30. Redecorate and redesign your environment. Plant new flowers in front of your house. Redecorate the kitchen. Rearrange your closets and drawers. Replace the candles in your living room with some that have a different scent. Making such changes can alter motor pathways in the brain and encourage new cell growth.
31. Choose a side. Talk sports, business, or politics. If you can do it without getting angry, which raises the memory-hindering hormone cortisol, engaging in a good debate can form new neural pathways and force you to think quickly and formulate your thoughts clearly.
32. Sleep. Shut-eye isn't a luxury. It's when your brain consolidates memories. Poor sleep, caused by medical conditions, worry, depression, or insomnia, can interfere with your rest. So treat yourself to relaxing scents like vanilla before bed. They raise the chemical dopamine and reduce cortisol, a stress hormone.
33. Check your neck. It may sound crazy, but a clot in your neck can stunt your memory by preventing enough blood and oxygen from getting to your brain. At your next checkup, ask your doctor to use the other side of his stethoscope to ensure that all's clear in your carotid artery—the main one in your neck.
34. Take a mental picture. Connect names with faces by creating mental images that trick your mind into remembering. For instance, remember Mr. Bender with the curly hair by imagining him bent over, with his curly hair facing you.
35. Read the news. Keeping up with the latest not only activates the memory part of the brain but also gives you something to talk about with friends and family. That kind of socializing can activate multiple parts of your brain and encourage cell growth.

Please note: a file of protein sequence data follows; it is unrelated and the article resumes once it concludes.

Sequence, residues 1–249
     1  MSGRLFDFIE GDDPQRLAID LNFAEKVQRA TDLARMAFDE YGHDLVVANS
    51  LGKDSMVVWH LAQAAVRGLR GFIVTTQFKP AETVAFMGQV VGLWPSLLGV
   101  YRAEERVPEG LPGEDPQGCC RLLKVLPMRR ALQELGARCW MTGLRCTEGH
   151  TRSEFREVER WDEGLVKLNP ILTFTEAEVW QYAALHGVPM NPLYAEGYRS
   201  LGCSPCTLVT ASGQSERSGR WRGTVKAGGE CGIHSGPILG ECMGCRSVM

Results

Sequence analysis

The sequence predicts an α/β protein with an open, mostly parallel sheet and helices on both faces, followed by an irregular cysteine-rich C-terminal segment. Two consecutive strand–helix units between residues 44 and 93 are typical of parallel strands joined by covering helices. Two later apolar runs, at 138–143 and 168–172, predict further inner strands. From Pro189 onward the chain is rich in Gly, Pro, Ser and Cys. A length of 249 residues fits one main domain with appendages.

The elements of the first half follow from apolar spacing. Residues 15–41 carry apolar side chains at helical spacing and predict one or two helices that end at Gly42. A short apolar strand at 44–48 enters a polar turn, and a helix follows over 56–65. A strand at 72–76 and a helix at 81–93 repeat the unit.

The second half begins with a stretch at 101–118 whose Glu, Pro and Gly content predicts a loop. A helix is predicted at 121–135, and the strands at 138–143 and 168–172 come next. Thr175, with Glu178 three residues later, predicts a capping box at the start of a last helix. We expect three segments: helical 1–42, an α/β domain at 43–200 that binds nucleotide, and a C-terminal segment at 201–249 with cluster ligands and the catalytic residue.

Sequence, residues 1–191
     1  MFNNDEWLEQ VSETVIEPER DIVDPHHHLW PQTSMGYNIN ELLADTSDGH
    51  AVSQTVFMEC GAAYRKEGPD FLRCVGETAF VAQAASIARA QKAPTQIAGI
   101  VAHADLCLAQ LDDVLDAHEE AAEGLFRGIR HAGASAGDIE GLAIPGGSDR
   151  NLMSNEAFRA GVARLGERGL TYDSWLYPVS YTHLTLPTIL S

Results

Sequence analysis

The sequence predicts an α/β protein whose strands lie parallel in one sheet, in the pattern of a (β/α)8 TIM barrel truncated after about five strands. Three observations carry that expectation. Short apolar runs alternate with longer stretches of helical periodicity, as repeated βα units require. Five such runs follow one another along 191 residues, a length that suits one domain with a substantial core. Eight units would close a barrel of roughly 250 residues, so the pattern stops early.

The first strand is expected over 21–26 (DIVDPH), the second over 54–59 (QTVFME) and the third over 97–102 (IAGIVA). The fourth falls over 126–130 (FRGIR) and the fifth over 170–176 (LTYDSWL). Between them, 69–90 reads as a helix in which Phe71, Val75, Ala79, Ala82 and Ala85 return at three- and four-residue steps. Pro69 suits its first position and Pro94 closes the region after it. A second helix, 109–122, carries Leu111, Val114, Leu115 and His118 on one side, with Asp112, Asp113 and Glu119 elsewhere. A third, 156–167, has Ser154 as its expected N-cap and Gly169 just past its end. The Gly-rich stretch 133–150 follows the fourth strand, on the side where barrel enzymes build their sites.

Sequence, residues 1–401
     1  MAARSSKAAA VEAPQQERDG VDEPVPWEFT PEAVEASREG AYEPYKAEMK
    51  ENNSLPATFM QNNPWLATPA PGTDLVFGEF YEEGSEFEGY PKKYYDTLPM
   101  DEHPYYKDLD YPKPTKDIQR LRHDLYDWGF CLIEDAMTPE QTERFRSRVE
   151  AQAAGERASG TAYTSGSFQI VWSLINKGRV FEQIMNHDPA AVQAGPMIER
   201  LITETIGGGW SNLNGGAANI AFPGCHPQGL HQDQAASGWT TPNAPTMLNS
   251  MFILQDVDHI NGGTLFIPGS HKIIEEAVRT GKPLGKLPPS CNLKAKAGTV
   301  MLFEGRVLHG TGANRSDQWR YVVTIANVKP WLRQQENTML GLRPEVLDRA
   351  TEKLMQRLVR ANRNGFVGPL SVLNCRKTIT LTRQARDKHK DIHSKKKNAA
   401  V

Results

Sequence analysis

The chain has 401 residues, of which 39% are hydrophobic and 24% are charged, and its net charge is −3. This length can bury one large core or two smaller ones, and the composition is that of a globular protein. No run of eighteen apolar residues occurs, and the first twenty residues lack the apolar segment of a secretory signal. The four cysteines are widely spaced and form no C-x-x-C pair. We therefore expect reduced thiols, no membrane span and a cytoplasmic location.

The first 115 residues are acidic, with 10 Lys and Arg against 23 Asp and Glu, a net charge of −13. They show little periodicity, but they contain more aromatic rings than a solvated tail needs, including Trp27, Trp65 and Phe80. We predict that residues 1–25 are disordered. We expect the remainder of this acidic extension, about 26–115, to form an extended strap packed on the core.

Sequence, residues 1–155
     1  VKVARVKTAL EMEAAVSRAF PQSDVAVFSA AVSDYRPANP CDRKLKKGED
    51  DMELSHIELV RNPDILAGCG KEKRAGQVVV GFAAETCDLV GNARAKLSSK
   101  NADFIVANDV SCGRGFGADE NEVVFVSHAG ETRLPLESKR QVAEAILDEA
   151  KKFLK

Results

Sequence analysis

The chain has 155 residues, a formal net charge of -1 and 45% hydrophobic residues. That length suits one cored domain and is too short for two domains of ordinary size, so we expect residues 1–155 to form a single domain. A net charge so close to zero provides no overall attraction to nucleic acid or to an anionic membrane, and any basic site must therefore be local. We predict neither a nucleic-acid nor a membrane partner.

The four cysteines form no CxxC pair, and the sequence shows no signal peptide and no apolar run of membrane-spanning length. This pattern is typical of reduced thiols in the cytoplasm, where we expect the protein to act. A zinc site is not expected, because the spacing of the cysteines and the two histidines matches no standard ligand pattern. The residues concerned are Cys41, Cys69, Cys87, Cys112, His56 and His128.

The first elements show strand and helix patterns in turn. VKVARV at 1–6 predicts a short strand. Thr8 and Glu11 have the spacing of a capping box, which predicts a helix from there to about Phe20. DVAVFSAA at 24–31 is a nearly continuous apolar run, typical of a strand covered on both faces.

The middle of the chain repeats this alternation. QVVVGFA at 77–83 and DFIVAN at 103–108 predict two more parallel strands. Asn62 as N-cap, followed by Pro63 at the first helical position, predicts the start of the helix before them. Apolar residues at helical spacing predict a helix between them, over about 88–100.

36. Turn off the TV and pick up an instrument. Frequently tickling the ivories or blowing a horn—especially if you're trying to master it—is associated with lower dementia risks. What's more, it eliminates boredom, a brain state that can cause some thinking skills to atrophy.
37. Join a book club. Pick up a good book to cut down on brain-withering boredom. Frequent reading is associated with reduced risk of dementia. And meeting new people forces new neural connections. Besides, you might enjoy the book.
38. Play Yahtzee! Whether you choose Risk, Pictionary, Scrabble, or Boggle, board games are associated with a lower risk of developing dementia. They activate strategic, spatial, and memory parts of the brain, and require you to socialize, which can help form new neural pathways.
39. Parlez-vous brain health? You don't have to be a linguist to benefit from learning a new language. Adopting a foreign tongue boosts the verbal, language, and memory parts of the brain.
40. Savor a sensory experience. Those with the best memories take advantage of all their senses. That's because memorization is a cohesive brain effort. So head to the garden or the kitchen and take in the sights, smells, sounds, tastes, and sensations.
41. Quick temper? Instead of yelling, take a few minutes to cool down. The stress of chronic anger can actually shrink the memory centers in the brain. Get to know the signs that you’re seething and address the problem before it erupts.
42. Replace your salt shaker with a sodium-free alternative. We all know that hypertension can lead to heart problems, but new evidence suggests that decreasing the salt in your diet can also improve blood flow to the brain and decrease dementia.
43. Have a chat. Instead of popping in another movie rental, pick up the phone. Talking with someone else not only gets you out of your rut—lack of activity can decrease brain-cell formation—but the socializing can also reduce potentially memory-sapping depression.
44. Check your meds. It may not be you having the memory problems; instead, it could be your medications impeding your memory. Older antidepressants, anti-diuretics and antihistamines—all block a critical brain chemical from doing its job. Ask your doctor for an alternative.
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